On October 14, 1908, a meeting was held at the Barrett Land Office. The president was authorized to reimburse himself for procuring seal, charter and blank deeds.

The association met May 22, 1909, at the Gray County State Bank. Lots had been bought and paid for by William Jackson, Sam McCullough, S.C. Case, C.N. Baggerman, W. Campbell and A.B. Keahey.

At a meeting in the office of The Pampa News on January 24, 1914, C.P. Buckler was elected secretary of the association, a position he filled for many years.

In 1915 the White Deer Land Company deeded another five acres to the association and in 1925, the association purchased three acres of adjoining property from W.T. Wilks.

The original 25-year charter was furthered in 1933 when the association formed a 50-year program on a non-profit charter.

In 1938 the cemetery was chartered by the state for a perpetual care program. Now twenty percent of each space purchased goes into the Perpetual Care Fund.

On April 6, 1933, Ed Foran was employed as caretaker of Fairview Cemetery . He had come to Pampa in 1926, first working at a hamburger stand operated by Mr. and Mrs. Ed Young at the corner of Foster and Cuyler, and then for the Santa Fe. Through his acquaintance with undertaker G.C. Malone and Judge Blythe, he was hired to manage the cemetery.

At the time, cows and pigs were running loose through the cemetery grounds, so the first order of business was to keep the animals out. Foran and the National Recovery Administration work crew built a fence which stayed in place until the Texas legislature passed a cattle law requiring the owners of livestock to keep their animals penned.

The fence was then removed and shrubbery was planted at the front of the cemetery on Duncan Street . Foran supervised the planting of much of the shrubbery by hand from seedlings.

Foran also supervised the planting of trees. In the 1970s about 300 trees had to be removed because of the cost of water and the fact that tree roots were threatening to topple tombstones.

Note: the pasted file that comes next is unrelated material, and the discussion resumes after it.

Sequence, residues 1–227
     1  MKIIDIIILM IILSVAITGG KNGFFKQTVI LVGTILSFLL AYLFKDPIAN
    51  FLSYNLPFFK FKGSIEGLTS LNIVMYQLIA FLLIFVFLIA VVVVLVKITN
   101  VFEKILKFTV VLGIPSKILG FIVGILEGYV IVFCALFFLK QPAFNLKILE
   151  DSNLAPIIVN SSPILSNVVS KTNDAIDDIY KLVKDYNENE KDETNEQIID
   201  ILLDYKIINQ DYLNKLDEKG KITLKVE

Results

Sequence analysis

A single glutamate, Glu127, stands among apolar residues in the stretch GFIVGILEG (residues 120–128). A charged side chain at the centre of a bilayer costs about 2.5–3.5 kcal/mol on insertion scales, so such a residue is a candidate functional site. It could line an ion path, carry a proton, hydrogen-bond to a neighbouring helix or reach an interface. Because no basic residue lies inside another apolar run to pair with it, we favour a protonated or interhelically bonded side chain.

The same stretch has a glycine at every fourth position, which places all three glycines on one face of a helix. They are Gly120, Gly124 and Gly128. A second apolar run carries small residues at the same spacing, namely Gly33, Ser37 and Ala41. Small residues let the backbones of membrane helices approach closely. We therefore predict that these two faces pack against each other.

Before the main roads of the cemetery were paved, Foran had to get winch trucks to extricate hearses from the mud whenever it rained. Townspeople going to the cemetery also remember the sticky mud on Duncan Street, then part of the old road to Miami.

At the time Foran was hired, there was $1,500 in the cemetery treasury. Some of it was used to build the two small buildings at the front of the cemetery (the old entrance south of the present main entrance).

When Foran retired in 1974, the size of the cemetery had increased from 12.5 acres to 32.5 acres. The number of graves had increased from 960 to over 5,000.

The present main gateway of the cemetery was financed by the Gray-Pampa Foundation that administers the estate of Henry B. and Fannie Lovett. The black iron fence enclosing the cemetery was financed by the M.K. Brown Foundation in 1984.

The cemetery currently employs five full-time workers, but extra help is needed during the summer months.

The present Board of Directors of Fairview Cemetery Association consists of Lee Fraser, president; Ben Guill and E.L. Green, Jr., vice presidents; Floyd Watson, treasurer; Bill Waters, member-at-large and Les Weatherly, secretary and manager.

Throughout the years the Fairview Cemetery Association has shown a genuine concern to provide a resting place of permanent beauty.

Over 200 Articles, written by Eloise Lane, were published in the Pampa News. These articles may be accessed by clicking on each section below. A list of articles will be revealed that are linked to a page containing the text of the article.